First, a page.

Forget Modafinil: We’re all snorting ‘dangerous’ new study drug Noopept

Turns out burying your nose in a book isn’t enough any more

Jittery Red Bull all-nighters in the library and former in vogue study aid Modafinil are so 2014.

Instead, students are sticking motivation up their nose as use of untested Russian powder Noopept soars.

Last year we found out one in five of us had used concentration boosting drug Modafinil, but it looks like Noopept is gaining fans across UK universities.

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Grainne McKinney, a third year Historian at QUB, said: “It just makes you focused, but not madly so.

“It’s £20 for ten grams which is about three weeks’ worth.

“Noopept lasts about maybe five hours, but you don’t actually feel any different – you’re just more aware you have work to do.

“It tastes like fucking dirt though. I think it’s a mind thing, like I just think I need it now. It’s mad because I know it’s dodgy.”

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But some are more sceptical about the rumours Noopept will make you an instant revision machine.

One second year at UCL bought Noopept tablets online at £14 for 100.

He said: “I genuinely think it’s a placebo. It felt a bit like I was on pills, but otherwise it has very little discernible effect.

“A lot of people at UCL use Noopept, more so than ever used Modafinil. It’s happened just recently, since over Easter.

“It makes your distractions feel a bit dulled, but it’s not enough to make me focus. It’s just another layer of procrastination.”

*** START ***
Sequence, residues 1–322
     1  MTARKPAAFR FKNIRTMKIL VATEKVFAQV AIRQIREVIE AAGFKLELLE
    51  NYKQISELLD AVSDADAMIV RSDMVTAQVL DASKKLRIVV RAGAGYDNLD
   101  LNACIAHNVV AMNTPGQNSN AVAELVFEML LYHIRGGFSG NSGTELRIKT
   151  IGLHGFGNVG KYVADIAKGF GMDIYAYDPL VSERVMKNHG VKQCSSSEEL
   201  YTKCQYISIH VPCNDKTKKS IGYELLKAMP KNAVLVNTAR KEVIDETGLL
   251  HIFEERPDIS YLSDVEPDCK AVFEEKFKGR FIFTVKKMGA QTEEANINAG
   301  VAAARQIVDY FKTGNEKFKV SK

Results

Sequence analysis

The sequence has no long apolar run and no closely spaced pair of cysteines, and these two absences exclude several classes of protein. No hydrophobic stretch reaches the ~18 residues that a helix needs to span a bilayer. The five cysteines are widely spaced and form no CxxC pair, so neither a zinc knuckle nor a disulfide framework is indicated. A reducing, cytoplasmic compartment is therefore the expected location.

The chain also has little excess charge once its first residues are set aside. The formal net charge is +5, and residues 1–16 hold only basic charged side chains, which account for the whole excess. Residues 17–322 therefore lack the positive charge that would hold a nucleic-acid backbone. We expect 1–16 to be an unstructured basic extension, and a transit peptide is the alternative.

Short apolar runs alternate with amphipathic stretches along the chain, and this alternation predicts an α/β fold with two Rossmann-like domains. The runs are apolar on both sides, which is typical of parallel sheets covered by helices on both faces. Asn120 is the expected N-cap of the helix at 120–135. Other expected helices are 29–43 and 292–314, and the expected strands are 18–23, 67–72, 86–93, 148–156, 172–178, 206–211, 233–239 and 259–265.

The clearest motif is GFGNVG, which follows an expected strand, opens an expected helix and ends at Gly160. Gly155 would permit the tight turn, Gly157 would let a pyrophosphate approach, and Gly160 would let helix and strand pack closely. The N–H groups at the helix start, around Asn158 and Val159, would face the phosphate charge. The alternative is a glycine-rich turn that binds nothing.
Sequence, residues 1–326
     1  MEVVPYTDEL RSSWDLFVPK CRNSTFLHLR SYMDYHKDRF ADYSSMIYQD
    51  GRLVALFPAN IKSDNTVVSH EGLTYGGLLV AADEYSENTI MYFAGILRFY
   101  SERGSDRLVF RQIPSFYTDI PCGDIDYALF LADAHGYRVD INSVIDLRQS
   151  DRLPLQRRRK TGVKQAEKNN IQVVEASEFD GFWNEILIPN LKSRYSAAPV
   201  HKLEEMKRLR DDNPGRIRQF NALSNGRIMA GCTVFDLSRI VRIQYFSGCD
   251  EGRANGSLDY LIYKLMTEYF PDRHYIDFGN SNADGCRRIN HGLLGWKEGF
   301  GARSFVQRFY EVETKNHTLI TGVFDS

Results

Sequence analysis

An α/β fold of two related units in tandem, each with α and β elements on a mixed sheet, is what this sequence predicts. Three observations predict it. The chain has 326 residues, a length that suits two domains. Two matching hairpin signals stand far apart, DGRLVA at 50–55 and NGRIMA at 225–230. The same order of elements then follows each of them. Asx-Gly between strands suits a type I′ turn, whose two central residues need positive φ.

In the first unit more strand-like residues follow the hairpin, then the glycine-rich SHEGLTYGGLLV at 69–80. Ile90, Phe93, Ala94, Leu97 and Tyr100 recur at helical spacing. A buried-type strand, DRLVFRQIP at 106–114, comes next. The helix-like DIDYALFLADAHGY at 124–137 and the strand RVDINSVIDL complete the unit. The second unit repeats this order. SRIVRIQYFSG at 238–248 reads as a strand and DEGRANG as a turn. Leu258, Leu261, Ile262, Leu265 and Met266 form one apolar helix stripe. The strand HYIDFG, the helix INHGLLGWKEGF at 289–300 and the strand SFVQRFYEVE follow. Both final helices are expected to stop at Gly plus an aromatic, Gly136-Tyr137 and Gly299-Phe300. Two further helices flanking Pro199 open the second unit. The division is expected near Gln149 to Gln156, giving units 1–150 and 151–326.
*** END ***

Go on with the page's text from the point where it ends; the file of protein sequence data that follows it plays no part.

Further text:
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But drug experts are worried about the dangers of the unknown substance.

Kingston Uni Public Health Prof Andrea Petroczi said: “Noopept is not new but research to date is limited to clinical studies.

“Its effect, including potential harm, to healthy individuals is not yet known. In my opinion, this itself is dangerous.”

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Noopept was developed in Russia back in 1996 and was first marketed as a study drug exclusively in Eastern Europe.

But its apparent memory boosting powers and anxiety reduction have made it the smart of choice across UK universities this exam season.

Part of its appeal is the versatility: Noopept can be snorted as powder or swallowed as tablets or capsules.

What’s more, it’s currently legal to buy prescription study drugs such as Noopept and Modafinil, but selling them on is against the law.

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On their website, sellers Powder City claim: “Many people want to improve their memory and concentration to help them step up out of the brain fog they experience day to day.

“What if a small dose of an inexpensive powder a couple of times a day could change all of that?”

But Intellimeds, an online source of Noopept listed potential dangers as “headaches, insomnia, tiredness, nausea and gastrointestinal problems” if the user takes more than the recommended 10-30mg dosage per day.

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Modafinil took the UK drug market by storm last year after students everywhere realised it might save their degrees.

But unis were quick to rain on our drug-induced parades, with some professors even calling for a screening process to catch out exam cheats.

For now there’s nothing in the rule book against Noopept or Modafinil.

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